I’ve been asked this question countless times over the last couple decades, perhaps because I used to be responsible for cracking weak passwords for a company managing 6 figures worth of people (passwords), so I’m writing this here to have a reference for anyone who asks me moving forward, even though I answered on this blog 7 years ago and my recommendation is the same with one new solution to recommend if you’re a techy, but more importantly I’m going to start by explaining what to ask when any new password management solution comes out.
The first question is, “Is it open source?” even if you’re not normally an open source advocate, there’s likely nothing more important to protect than your passwords, so you should only use a solution that you can look at the source code and make sure there are no backdoors in it — and if you’re not able to make sense of the source code, you want every other security auditor in the world able to look at the code so they can report/fix any holes as discovered.
“Can you host it yourself?” is the second question. There’s no way one should trust a 3rd party (corporation/government etc) as these can be compromised and become huge targets if they’re managing all of the passwords for many people.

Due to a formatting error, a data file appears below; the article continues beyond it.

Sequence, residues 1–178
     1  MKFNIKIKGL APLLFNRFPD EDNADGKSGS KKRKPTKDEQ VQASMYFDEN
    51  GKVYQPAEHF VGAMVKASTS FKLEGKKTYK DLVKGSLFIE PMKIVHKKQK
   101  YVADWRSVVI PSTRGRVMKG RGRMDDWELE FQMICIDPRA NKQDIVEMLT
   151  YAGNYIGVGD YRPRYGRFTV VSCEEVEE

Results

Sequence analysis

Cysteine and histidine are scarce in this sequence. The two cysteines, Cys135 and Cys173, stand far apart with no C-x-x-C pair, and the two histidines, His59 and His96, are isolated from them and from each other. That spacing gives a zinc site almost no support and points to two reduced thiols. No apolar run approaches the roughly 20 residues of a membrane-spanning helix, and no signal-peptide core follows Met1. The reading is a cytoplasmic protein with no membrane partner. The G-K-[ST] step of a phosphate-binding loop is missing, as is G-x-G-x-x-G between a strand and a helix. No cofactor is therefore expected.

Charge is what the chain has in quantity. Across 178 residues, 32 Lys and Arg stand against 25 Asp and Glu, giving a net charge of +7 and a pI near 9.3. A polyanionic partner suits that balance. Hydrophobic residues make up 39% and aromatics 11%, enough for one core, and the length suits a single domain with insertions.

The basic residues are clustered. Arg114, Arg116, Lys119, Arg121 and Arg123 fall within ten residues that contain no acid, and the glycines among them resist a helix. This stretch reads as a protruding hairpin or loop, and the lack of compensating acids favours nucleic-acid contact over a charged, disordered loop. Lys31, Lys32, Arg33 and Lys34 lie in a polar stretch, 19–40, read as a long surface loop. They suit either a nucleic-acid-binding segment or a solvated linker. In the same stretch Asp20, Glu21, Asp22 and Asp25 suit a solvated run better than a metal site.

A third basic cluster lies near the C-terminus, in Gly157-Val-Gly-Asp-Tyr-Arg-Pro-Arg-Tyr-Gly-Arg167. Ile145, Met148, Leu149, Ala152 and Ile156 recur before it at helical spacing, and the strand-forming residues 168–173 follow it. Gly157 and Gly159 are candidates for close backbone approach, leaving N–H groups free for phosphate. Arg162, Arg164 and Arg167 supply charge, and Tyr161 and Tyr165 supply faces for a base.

While I have your attention on the topic of passwords, assume your db/password file will be compromised at some point, so make sure you use a really hard to crack password for the master password with the 2fa (consider the attacker gets your yubikey as well) – I recommend at least 5 words that don’t normally go together, with a number and special character, like Reddit2020barbeque&rainbowunicronastronaut would take a long time to crack but is easy to remember.
I’m hesitant to share this next link, as it lets you test different passwords, and I can’t emphasize enough you should not put any real passwords into this site as you should assume it’s being hosted by your attacker trying to get an idea of what your passwords might be — with that warning out of the way, https://howsecureismypassword.net/ lets you type in a password and gives you a rough idea of how long it would take an attacker to crack your password.